Google pledges stronger stewardship of water resources The company announced plans to replenish more water than it consumes by 2030, among other goals.

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The company announced plans to replenish more water than it consumes by 2030, among other goals.

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Google on Thursday announced new water management goals for the company, citing the global water crisis challenges posed by climate change. the promise is as follows Efforts started last year To reach carbon neutrality, which saw the company eventually reach a lifetime net carbon footprint of zero in september of 2020.

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Google Sustainability Officer Kate Brandt wrote in a blog post published Thursday, “Building on this commitment, we are committed to a water management goal of filling more water than we consume by 2030 and water security in communities.” support.” “This means Google will replenish, on average, 120% of the water we consume in our offices and data centers.”

Brandt says Google’s focus is on better water management at Google facilities, better replenishment in local water systems and water-stressed communities, and sharing technology and tools to prevent and overcome water stress around the world. will be focused. Brandt points to the current efforts to use stormwater and reclaimed wastewater in place of fresh water at Google facilities wherever possible, as well as the development of new irrigation strategies in the San Francisco Bay Area—hopefully. Google will continue to push forward with such initiatives, Brandt says.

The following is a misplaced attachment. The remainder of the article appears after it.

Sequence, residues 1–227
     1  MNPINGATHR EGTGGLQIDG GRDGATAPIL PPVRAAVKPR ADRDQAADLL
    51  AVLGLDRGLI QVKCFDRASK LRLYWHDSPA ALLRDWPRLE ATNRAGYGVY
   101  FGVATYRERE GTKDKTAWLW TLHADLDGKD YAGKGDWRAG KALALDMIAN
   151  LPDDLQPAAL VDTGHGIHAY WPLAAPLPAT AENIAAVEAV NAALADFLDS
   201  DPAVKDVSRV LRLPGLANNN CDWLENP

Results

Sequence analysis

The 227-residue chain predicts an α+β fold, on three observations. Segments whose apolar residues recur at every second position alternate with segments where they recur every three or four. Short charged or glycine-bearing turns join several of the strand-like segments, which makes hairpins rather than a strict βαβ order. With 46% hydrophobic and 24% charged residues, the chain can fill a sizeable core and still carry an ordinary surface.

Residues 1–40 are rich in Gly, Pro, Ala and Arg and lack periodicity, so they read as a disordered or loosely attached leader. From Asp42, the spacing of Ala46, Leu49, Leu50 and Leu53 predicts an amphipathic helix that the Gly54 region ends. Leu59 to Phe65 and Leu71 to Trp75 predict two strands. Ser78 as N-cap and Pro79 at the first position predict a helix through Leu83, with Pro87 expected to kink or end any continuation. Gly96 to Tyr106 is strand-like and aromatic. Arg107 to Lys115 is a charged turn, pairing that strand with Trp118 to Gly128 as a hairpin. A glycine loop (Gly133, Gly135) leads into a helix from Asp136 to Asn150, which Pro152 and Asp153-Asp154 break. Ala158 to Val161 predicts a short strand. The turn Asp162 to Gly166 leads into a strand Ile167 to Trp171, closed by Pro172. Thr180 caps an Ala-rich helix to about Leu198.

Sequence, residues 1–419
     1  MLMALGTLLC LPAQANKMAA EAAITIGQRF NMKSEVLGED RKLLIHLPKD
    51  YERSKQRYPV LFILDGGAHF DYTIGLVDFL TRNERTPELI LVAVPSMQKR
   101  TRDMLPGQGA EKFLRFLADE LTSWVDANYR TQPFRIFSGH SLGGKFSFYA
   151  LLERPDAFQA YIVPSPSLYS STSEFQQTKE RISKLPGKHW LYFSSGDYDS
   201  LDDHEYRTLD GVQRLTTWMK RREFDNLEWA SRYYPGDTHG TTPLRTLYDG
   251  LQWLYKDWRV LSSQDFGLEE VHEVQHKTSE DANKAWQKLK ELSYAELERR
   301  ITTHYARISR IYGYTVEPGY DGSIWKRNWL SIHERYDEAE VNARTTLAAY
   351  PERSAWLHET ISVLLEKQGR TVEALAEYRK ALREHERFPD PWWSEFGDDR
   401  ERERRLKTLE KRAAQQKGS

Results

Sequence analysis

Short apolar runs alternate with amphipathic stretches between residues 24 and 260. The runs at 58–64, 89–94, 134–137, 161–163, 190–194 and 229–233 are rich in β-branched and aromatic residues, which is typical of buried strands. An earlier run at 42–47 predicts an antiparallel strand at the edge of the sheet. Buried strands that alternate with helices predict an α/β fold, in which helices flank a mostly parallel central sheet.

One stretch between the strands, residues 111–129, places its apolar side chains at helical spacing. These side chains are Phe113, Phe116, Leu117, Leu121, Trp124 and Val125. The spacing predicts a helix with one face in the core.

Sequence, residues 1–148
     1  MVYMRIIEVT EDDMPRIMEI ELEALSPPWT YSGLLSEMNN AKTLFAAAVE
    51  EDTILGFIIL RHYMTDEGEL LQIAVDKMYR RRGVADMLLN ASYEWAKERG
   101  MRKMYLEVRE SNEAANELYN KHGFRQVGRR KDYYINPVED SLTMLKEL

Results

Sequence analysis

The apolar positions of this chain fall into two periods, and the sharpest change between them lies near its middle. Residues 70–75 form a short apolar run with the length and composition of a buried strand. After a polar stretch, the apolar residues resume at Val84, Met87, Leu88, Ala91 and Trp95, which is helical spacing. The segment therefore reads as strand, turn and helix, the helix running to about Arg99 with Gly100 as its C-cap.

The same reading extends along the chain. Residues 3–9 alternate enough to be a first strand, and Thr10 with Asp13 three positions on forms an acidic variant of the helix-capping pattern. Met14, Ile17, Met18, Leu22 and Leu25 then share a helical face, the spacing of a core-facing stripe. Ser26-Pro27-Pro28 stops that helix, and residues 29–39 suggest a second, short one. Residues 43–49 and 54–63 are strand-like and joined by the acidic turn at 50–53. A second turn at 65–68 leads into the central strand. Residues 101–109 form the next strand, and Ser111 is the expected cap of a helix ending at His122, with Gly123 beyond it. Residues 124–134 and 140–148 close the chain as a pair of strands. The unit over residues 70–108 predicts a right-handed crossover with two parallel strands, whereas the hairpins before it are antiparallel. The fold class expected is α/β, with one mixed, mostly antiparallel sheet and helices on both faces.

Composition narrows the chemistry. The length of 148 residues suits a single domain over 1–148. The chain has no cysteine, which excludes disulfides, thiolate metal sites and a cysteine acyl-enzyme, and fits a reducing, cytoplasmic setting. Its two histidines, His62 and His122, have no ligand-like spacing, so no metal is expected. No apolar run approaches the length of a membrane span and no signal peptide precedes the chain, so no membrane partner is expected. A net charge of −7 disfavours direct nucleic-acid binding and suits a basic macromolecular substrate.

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Other recent steps of note, Brandt says, include efforts to work with the Colorado River Indian Tribe Project in Ireland to reduce the amount of water drawn from the Lake Mead Reservoir, as well as to improve water quality in Dublin Bay. Efforts are being made to install rainwater harvesting systems. . Google also points to a partnership with the United Nations Environment Program and the European Commission’s Joint Research Center to track water change over time on a global scale.

“Communities, policy makers and planners need tools to measure and predict water availability and water needs,” Brandt wrote. “We are dedicated to working with partners to make those tools and technologies universally accessible.”

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